In an age where nearly everyone seems to be branding themselves, it’s not so unusual for a woman who appears frequently on the party pages to try and use that as a launching pad for bigger and better things. But when Daphne Guinness collaborated this year on a diamond-encrusted golden glove with her friend, the jeweler Shaun Leane—the piece is currently being sold for $1.76 million, according to WWD—she nevertheless found a particularly novel way to promote it. She held a party at a friend’s London townhouse, put on an Alexander McQueen catsuit and a very stylish veil, and lay in a coffin-like thing for three hours, playing dead, with the glove on her hand for everyone to see.
“I came up with that idea because I actually hate going to parties, and I thought, ‘How on earth am I going to show this?’” Guinness says on a recent overcast day, sitting in her enormous New York City apartment on Fifth Avenue. “And then a week before the party I thought, ‘I’ll just be dead.’ I was just lying there doing my TM [transcendental meditation]. It was great.”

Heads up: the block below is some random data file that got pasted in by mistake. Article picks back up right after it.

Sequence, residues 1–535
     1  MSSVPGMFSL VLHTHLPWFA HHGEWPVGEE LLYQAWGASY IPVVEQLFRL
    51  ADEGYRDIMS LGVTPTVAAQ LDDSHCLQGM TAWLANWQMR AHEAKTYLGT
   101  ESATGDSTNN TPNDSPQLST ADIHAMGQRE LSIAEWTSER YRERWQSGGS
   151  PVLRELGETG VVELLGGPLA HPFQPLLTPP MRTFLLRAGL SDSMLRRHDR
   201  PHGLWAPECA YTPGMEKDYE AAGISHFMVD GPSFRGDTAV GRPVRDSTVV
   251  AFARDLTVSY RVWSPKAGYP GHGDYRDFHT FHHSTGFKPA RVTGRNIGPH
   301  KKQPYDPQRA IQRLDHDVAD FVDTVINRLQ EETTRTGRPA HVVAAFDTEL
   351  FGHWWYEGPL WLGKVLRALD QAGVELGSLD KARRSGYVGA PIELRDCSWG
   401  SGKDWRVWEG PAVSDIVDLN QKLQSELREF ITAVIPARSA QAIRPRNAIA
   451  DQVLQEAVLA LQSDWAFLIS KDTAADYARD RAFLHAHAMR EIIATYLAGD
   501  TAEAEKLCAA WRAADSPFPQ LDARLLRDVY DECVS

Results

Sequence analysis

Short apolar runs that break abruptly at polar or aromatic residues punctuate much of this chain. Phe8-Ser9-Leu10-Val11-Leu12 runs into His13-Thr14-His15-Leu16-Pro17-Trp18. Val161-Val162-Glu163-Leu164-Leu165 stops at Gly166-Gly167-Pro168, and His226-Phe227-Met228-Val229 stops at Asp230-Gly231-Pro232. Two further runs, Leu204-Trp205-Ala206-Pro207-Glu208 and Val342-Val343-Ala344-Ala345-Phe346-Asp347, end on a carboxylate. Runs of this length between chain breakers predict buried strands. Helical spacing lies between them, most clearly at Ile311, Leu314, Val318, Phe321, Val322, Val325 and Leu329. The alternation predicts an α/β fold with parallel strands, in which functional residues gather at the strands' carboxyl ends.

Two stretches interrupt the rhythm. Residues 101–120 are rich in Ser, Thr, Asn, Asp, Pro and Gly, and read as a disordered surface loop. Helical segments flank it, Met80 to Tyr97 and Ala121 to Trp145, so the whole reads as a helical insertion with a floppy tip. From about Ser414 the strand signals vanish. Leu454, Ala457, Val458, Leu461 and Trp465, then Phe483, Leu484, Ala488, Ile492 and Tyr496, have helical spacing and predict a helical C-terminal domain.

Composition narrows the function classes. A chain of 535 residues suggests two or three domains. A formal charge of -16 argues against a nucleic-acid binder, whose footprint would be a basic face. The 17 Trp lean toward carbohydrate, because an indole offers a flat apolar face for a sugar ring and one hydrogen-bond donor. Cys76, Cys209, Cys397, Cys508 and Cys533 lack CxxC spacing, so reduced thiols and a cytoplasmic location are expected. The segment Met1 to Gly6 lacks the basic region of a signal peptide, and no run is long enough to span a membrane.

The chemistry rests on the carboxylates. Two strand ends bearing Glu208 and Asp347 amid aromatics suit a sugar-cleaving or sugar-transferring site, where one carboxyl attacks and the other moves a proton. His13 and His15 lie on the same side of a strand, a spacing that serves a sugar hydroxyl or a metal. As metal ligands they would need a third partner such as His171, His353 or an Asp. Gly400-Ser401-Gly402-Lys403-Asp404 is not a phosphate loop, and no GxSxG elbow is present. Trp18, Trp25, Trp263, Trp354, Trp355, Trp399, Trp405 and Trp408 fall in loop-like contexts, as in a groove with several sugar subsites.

Too bad Guinness hasn’t had much time to meditate since then.
She produced and starred in an experimental movie about Jean Seberg, an actress whose mysterious suicide in 1979 has been a source of debate for the past 32 years; there's an endless stream of designers with whom she’s collaborating on one thing or another; and now, she’s got an exhibit of her wildly eccentric clothing collection that’s taking place at the Fashion Institute of Technology’s museum in Chelsea.
Why people should care about the wardrobe of a transcontinental brewery heiress is an easy question to ask at a time when the world is on the brink, but for those who care about fashion, Guinness has ascended to royal heights. Comme Des Garcons recently tapped her to do a fragrance. Valentino and Tom Ford clamor to have her wearing their clothes. Steven Klein shot her in couture for a spread in Italian Vogue that is among the magazine’s most buzzed-about photo shoots in recent years. The pop star Lady Gaga, with her sky-high platform shoes and mop of blond hair with a thick streak of black running through it, seems to be virtually pillaging Guinness’s closet for ideas.